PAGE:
Author Guidelines

Article types | Structure | Permissions |Language & text | Data & Symbols | Figures & Tables | References

Submissions should be made electronically through this website. Once submitted, the author can track the submission and communicate with the editors via the online journal management system.

Please ensure that you consider the following guidelines when preparing your manuscript. Failure to do so may delay processing your submission.

Article types

  • Research articles must describe the outcomes and application of unpublished original research. These should make a substantial contribution to knowledge and understanding in the subject matter and should be supported by relevant figures and tabulated data. Research articles should be 6,000 - 8,000 words in length.
  • Commentaries are overview articles and should reflect upon or critique a specific 'happening' such as a release of a major study or other notable occurrence related to journal focus. Commentary articles should be 1,500 - 3,000 words in length.
  • Interventions are similar to commentaries but more polemic pieces on current issues or events or aspects of specialist topics. They may also include pedagogically orientated pieces where a particular case study may inform a current issue. These should be 1,500 - 3,000 words in length. 
  • Interviews conducted with a notable subject should be topical-, theory- and issue-led and may be with an academic, professional or anyone with relevance to the themes and concerns of the journal. These should be 1,000-1,500 words in length. 
  • Reviews can focus on one or more book titles and may also touch upon current controversies or the historical development of studies and critically engage with the relevant body of extant literature. Review articles may also consider other documents or media, conferences, key journal material and should be between 1,000 and 1,500 words in length.
  • Visual Essays are visually-led pieces with accompanying text that illustrate material that might speak to larger Anthropocenes concerns from the margins or from an unusual angle. Any accompanying text should be between 1000-4000 words long. The visual material can be images (typically between 10-12 images) or in the form of a video not exceeding 12 minutes. Images should be available in high resolution (300 dpi) at the size to be reproduced in the journal’s standard PDF page. Videos should be hosted on Vimeo and/or YouTube and accessed by link. It is recommended that videos not exceed 2 GB in file size due to data tariffs that might inhibit access for viewers in certain formats.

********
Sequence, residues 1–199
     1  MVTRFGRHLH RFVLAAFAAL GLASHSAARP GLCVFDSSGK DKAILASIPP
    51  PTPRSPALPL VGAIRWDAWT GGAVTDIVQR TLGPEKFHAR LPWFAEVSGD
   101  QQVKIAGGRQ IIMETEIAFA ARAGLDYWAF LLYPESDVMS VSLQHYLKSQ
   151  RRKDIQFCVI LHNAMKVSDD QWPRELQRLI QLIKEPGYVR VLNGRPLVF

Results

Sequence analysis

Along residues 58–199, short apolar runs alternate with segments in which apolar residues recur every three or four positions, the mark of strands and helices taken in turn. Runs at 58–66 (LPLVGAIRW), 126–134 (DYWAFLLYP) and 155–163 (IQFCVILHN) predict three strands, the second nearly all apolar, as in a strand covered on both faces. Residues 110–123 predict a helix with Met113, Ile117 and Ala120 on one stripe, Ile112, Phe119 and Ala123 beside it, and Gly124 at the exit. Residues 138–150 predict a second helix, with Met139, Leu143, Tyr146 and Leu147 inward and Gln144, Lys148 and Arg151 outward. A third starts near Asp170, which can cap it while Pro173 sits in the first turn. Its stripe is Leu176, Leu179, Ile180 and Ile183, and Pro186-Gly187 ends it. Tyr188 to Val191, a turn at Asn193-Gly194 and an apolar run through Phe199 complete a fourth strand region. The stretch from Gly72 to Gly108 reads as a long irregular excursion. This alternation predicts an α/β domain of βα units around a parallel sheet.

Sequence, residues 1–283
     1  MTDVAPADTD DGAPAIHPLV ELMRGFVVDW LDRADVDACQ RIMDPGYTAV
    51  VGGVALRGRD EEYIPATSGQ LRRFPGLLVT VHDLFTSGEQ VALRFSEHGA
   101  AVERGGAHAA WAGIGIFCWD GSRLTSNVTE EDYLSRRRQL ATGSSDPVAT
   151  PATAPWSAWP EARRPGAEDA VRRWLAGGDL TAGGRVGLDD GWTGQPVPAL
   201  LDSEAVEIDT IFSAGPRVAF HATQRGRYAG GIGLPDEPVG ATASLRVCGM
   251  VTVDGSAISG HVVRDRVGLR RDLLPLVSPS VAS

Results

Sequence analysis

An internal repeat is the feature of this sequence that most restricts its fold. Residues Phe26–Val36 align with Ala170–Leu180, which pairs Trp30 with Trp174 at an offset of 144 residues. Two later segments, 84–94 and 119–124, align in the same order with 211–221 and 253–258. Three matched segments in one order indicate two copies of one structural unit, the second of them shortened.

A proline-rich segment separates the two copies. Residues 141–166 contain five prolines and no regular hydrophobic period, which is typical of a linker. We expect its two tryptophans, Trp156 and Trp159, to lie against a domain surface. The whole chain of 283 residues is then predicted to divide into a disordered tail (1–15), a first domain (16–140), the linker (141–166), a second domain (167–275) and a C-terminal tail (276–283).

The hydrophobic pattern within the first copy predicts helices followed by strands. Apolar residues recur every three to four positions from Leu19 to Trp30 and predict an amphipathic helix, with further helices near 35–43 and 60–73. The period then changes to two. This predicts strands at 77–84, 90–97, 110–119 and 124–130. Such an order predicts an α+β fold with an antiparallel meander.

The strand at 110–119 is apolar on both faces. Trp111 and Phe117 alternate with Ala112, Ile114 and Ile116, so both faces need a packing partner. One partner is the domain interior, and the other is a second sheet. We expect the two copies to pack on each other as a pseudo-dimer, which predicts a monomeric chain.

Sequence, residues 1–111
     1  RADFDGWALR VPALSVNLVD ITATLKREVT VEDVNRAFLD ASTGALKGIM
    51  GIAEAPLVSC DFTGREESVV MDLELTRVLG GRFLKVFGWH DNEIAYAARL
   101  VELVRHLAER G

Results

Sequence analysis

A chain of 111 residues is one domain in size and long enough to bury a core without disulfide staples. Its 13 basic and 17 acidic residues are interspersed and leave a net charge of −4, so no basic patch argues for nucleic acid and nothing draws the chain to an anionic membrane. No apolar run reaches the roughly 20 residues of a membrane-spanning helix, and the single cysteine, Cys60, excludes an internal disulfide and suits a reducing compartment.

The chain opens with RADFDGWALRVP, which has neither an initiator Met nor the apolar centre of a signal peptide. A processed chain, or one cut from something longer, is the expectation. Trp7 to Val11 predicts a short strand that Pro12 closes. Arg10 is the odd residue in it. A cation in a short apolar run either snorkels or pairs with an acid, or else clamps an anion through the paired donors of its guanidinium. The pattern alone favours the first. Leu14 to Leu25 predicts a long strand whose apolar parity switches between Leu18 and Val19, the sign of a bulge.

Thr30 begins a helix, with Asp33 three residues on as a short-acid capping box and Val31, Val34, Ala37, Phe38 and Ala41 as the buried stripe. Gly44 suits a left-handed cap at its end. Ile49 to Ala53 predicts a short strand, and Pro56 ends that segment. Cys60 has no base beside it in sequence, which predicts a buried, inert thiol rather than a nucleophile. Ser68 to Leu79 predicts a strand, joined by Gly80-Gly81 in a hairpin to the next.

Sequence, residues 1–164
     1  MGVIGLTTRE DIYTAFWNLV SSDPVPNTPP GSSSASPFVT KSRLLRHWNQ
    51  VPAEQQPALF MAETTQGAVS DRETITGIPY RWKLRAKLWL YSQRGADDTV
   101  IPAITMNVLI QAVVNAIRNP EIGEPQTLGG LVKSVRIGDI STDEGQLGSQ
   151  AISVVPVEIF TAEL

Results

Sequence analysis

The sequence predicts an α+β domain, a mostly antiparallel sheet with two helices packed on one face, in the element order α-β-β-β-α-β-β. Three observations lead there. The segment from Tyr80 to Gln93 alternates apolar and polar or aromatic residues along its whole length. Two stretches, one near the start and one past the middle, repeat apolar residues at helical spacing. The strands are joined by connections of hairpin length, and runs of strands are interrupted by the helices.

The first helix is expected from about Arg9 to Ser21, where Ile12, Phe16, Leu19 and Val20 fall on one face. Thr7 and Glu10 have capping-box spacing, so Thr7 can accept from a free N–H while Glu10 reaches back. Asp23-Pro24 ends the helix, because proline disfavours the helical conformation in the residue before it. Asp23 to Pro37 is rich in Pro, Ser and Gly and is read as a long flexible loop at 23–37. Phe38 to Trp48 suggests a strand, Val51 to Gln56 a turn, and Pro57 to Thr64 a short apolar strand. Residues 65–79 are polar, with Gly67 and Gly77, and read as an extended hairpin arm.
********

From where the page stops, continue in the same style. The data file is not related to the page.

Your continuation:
• Audio Essays are material whose key element is an mp3 sound file. Audio material should not exceed 15 minutes (in total) and 12 minutes (per single file). Text material can be between 1000-3500 words long.
  • Practice pieces are creative forms of expression, often from a practitioner’s point of view, that might require specific imagery, digital support (e.g. complex hyperlinking, supplementary audio/visual material up to 10 minutes long), other supplementary files or otherwise employ an experimental format. Practice pieces are welcome, subject to publisher capability and approval, and should be discussed in advance with the journal’s editors.
Authors interested in submitting a commentary, intervention, insights, practice or review piece are advised to discuss the content with the editors before submitting a manuscript wherever possible.

All word limits include referencing and citation.



Title page
To ensure blind peer review, please only list the title and abstract on the submitted manuscript file.

The names of all authors, affiliations, contact details, biography (optional) and the corresponding author details must be completed online as part of the submission process. All authors must fit within the journal's definition of an author, available here.

Author names should include a forename and a surname. Forenames cannot include only initials.

  • J. Bloggs is not preferred. The full name, Joe Bloggs is required (this will enhance the 'findability' of your publication).

The affiliation should ideally include ‘Department, Institution, City, Country’. However only the Institution and Country are mandatory.

Research articles must have the main text prefaced by an abstract of no more than 250 words summarising the main arguments and conclusions of the article. This must have the heading ‘Abstract’ and be easily identified from the start of the main text.